Dr Danielle Einstein explains the impact of technology like mobile phones and gaming on kids who have shy personalities.
Most families have at least one shy child who is a bit more reserved and less socially confident than the others. As a clinical psychologist specialising in technology use among teens, and a mother of two teenagers of my own, I speak to a lot of parents who wonder if their shy child’s mobile phone could be a much-needed lifeline to making social connections or whether it’s causing them to withdraw further.
The research is clear that as kids’ online world expands, their offline world shrinks. So we do need to be aware of the absolute amount of time shy children spend online and whether they hide behind their phones when they are outside with others.
As humans, we share a need to ‘belong’ - that’s why one of the telephone companies has used it as their name, and often we see the word used in marketing tag lines. We want to connect with others, to be cared about and thought about. We call this a need to ‘relate'.
A 2019 study showed that when shy teenagers fill this need to relate through online connections, they reduce their offline connections, and end up more addicted to their phones. Online disinhibition describes the tendency to feel more comfortable talking about personal things online than we would in real life. Some say it happens because we feel anonymous, but it also might occur because we don’t witness the other person’s facial feedback, so we take more risks.
It is also important to understand the difference between shyness and social anxiety. Shyness means that a child doesn’t like being in the spotlight — it is a personality characteristic. For a shy child, social situations do not cause lasting distress and the child is able to participate in social activities like go to a party or after school activity. They may feel a little uncomfortable at the beginning (as many of us would), but those feelings go away.
Social anxiety differs in that the child usually worries about what others think of them, and the child suffers from physical signs of anxiety (aspects of the fight or flight response) in social situations. A child with social anxiety endures social activities with intense distress or avoids them altogether.
Anxiety is known to be a gateway disorder for other mental health difficulties in adulthood, so, as a child, if you have an anxiety disorder (eg social anxiety), you are more likely to have depression or other mental health problems as an adolescent and adult.
When shy teenagers fill this need to relate through online connections, they reduce their offline connections and end up more addicted to their phones.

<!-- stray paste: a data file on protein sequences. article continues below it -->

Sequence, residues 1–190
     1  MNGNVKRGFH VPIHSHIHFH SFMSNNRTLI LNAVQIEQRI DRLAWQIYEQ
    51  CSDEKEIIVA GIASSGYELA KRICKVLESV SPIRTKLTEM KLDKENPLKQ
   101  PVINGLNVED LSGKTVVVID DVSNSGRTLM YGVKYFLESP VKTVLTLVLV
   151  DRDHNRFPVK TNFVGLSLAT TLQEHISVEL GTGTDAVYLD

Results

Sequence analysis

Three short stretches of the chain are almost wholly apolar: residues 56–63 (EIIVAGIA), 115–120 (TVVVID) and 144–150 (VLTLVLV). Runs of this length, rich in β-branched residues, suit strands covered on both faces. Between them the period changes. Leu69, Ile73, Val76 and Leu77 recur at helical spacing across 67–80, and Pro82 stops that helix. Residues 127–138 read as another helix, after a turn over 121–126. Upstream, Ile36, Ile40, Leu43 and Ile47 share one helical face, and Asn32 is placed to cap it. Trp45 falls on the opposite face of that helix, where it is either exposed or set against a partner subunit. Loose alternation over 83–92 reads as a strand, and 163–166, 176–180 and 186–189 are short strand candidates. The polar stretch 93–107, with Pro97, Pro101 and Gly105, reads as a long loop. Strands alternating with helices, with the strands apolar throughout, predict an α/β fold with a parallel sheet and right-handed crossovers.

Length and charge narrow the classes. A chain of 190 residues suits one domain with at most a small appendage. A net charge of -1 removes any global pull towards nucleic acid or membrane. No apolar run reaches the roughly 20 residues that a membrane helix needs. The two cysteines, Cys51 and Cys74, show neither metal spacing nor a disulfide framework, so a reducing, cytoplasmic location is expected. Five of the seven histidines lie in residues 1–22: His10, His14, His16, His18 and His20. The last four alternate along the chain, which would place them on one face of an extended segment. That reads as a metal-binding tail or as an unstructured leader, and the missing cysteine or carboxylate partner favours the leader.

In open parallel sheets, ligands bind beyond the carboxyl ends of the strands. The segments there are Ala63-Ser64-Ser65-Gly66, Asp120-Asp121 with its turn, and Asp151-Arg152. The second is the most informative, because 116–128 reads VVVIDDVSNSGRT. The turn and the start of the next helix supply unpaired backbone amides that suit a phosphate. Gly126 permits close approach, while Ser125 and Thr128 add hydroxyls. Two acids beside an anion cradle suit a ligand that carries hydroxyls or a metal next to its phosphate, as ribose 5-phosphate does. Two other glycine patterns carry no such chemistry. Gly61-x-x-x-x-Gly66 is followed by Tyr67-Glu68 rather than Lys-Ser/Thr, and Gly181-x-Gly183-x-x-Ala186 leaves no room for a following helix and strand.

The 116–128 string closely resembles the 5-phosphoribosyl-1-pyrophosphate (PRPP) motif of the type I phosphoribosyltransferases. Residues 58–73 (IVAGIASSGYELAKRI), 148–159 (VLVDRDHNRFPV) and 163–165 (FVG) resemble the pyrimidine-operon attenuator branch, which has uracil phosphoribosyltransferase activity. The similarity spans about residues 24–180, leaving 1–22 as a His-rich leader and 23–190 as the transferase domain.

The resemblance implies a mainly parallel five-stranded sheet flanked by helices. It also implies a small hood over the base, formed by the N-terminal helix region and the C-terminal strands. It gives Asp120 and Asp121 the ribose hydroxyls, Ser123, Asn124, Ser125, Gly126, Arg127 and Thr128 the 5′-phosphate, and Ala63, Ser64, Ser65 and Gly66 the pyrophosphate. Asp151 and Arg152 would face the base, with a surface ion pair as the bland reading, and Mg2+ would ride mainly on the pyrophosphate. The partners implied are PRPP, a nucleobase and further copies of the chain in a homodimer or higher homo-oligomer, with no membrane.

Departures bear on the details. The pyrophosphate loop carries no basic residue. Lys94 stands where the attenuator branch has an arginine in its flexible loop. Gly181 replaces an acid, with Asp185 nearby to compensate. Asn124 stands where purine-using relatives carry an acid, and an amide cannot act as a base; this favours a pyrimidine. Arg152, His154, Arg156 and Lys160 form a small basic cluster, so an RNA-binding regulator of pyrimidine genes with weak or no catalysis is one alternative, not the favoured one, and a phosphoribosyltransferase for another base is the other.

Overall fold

This is another good reason for parents to be in tune with whether our children are avoiding face-to-face social situations and instead choosing to hide behind a phone. While gaming (or other online skills) may improve, conversational and face to face social skills can fall away.
If we carry a phone and have the mindset that it is fine to use it, a socially anxious person will pull it out while speaking with another person or be quite content to sit on the sidelines and distract themselves from their anxiety using their phone. They may be so used to this coping strategy that they don’t feel the anxiety at all.
The problem is that they are not learning to overcome their anxiety and they are not building their face to face social skills. The other kids start to think that the child is not interested in being part of the social group and don’t bother making an effort.
Research shows that people who overuse their phones derive less satisfaction from other people’s company than people who are not addicted to their phones, so actually, children who are addicted are less likely to enjoy being with other people to start with.
The takeaways for parents:
If you have a shy child, notice how much they use their phone when in the company of other people.
Be aware of what is happening to them in their life — make time that to check in with them in private in a de-pressured environment (eg. Late at night before bed, driving, play one of their games with them or even start a Netflix series together). Notice whether they have one-on-one time with you or your partner.
If they like to withdraw into an online world, work out what issues they may be avoiding. Be conscious of what real-world activities give them a sense of satisfaction and look for opportunities to help them build these.
Take steps to prioritise screen limits for the whole family. These are tech rules that suit your family and will draw you all together. This is not easy, but it is an important part of parenting. The first step is to ensure your partner is on board. If you are struggling to do this, have a look at my blog on this topic, or at the website which has a 20-minute podcast on why to put the limits in place. .
Dr Danielle Einstein is a clinical psychologist, researcher and author specialising in understanding the impact of devices on mental health in teenagers. She is an Adjunct Fellow at Macquarie University . Danielle is the creator of The Dip - a practical guide to taking control of screen addiction and reconnecting your family.
Hong, W., Liu, R., Oei, T., Zhen, R., Jiang, S., & Sheng, X. (2019). The mediating and moderating roles of social anxiety and relatedness need satisfaction on the relationship between shyness and problematic mobile phone use among adolescents. Computers In Human Behavior, 93, 301-308. doi: 10.1016/j.chb.2018.12.020
Rotondi, V., Stanca, L., & Tomasuolo, M. (2017). Connecting alone: Smartphone use, quality of social interactions, Journal of Economic Psychology, 63, 17- 26.